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The opportunity to engage in undergraduate research is an important reason to join the Baskin School and UCSC. Our campus has UC's highest rate of undergraduate participation in independent studies, the individualized courses that can form the core of a research project. Projects at a research university like UCSC ensure that students are not just exploring the known, but also the future. Research opportunities in classes, faculty laboratories, and on one's own are a way to customize an education and build distinctive experiences that can propel students to graduate school or the start of an innovative career.
The Department of Computer Engineering has many opportunities for undergraduate research during the academic year and during the summer, in classes and in faculty laboratories.
The Department sponsors the Summer Undergraduate Research Fellowship in Information Technology (SURF-IT), an intensive 9-week summer program in the Baskin School. The SURF-IT web site includes descriptions of many undergraduate research projects, and is a good place to start looking for potential faculty mentors, as are the department's research page and the Baskin School's research page. Many senior design projects and other class projects are also research projects.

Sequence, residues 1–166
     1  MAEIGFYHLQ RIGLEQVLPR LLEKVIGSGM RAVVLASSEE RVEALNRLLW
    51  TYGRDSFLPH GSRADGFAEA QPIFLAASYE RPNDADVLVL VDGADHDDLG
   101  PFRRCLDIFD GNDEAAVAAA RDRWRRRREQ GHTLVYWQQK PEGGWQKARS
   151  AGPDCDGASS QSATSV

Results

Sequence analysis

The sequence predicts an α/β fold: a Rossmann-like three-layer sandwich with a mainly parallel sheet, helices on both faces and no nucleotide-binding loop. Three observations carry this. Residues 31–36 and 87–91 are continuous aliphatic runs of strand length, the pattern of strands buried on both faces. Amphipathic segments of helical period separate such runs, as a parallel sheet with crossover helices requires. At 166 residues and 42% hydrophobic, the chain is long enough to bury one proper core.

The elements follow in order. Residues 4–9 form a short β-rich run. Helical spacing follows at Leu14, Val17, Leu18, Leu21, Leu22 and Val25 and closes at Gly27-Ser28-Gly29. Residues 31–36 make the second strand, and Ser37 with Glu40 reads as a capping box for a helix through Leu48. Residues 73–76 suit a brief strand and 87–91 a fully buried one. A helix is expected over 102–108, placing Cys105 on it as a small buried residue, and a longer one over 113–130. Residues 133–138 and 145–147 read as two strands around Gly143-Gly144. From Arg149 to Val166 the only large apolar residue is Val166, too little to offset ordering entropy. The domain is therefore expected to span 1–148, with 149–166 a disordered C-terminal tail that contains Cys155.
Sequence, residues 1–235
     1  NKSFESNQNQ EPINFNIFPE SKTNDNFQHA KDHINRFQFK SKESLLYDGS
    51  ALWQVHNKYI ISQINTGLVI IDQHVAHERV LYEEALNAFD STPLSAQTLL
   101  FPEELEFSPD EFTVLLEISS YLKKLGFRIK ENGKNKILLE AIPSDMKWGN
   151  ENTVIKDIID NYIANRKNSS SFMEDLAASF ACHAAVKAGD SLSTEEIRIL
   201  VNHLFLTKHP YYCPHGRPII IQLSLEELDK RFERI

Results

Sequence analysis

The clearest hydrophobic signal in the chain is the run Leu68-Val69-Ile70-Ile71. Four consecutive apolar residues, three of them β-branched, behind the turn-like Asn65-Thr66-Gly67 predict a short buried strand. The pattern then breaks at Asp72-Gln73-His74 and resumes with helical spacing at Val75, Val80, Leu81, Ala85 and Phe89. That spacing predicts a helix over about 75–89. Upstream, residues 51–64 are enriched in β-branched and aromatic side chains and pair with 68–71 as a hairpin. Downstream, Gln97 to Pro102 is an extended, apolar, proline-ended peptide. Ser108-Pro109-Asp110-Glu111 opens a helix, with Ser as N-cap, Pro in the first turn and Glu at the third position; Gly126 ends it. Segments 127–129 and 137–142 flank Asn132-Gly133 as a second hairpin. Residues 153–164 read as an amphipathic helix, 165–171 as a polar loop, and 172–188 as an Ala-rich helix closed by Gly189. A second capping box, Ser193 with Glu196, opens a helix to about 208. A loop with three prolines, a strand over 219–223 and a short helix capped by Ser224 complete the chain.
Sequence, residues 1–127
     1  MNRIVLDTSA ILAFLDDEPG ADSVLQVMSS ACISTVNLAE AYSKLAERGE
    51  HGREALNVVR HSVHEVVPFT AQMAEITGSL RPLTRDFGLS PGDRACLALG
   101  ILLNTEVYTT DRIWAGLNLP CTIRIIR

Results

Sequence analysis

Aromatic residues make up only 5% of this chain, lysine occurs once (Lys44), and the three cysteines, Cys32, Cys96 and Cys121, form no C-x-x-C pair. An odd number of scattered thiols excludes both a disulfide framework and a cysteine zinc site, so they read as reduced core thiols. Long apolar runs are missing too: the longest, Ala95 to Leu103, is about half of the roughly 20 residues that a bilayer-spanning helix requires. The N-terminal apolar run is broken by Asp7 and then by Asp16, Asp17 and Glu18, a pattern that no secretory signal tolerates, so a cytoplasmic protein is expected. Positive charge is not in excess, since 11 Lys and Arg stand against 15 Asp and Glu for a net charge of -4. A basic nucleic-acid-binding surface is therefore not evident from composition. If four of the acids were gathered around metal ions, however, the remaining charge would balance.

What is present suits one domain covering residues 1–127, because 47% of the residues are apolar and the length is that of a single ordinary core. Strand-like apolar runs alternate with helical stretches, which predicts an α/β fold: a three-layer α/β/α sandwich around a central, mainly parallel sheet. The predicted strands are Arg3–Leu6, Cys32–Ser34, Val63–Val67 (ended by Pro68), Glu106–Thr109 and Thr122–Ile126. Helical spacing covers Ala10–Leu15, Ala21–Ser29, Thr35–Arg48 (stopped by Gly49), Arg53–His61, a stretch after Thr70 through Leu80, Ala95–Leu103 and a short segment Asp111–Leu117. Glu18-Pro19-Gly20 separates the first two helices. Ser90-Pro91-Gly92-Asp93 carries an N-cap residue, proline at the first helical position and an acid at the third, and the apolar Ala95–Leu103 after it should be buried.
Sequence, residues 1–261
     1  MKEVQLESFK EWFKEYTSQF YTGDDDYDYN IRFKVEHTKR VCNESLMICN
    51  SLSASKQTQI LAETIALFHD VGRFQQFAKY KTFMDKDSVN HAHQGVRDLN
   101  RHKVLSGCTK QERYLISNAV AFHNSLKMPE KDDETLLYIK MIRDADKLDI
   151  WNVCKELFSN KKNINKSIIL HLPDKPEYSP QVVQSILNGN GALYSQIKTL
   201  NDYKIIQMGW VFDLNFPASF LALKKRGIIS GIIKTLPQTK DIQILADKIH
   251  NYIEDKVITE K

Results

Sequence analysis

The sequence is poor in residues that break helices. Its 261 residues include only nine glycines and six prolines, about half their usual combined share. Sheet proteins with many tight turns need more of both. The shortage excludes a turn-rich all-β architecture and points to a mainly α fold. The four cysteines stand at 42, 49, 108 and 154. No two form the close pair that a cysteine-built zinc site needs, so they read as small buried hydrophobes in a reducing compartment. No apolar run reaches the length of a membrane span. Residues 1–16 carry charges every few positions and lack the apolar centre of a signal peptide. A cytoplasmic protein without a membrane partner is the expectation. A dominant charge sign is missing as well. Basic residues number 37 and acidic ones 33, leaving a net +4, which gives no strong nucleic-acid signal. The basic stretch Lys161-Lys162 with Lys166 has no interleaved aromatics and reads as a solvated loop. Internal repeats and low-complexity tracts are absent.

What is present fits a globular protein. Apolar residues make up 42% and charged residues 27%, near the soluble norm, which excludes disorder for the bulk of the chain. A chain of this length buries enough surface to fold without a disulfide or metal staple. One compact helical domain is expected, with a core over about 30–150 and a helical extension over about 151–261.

If you are a UCSC student wanting to get involved in a research project, the first thing to do is figure out which projects are most interesting. Talk to your professors, other students about their professors, and browse our web site to learn about projects. Check the class schedule to see if a professor you'd particularly like to work with is teaching a class you can take. Contact the professor or lab to see what courses might be needed to prepare for research, and if they have projects you may be able to work on, but be sure that you have done your homework first in gaining as much information about the lab as possible. Be sure to start preparation early; the summer of your junior year is a great time work work on a research project, but you'll want to take courses and start getting to know the lab during the prior academic year.
Not all labs will have room or have projects that fit your background, so do not be discouraged if a research possibility does not work out; instead, look for a new one.
Also, be sure to apply to formal programs like SURF-IT, UC LEADS, and National Science Foundation programs at other universities, and watch for annoucement of research opportunities in the undergraduate newsletter. Applications are often due in January and February, but some programs have earlier deadlines. In addition to opportunities listed in the newsletter, the Career Center maintains a database of internships for UCSC students.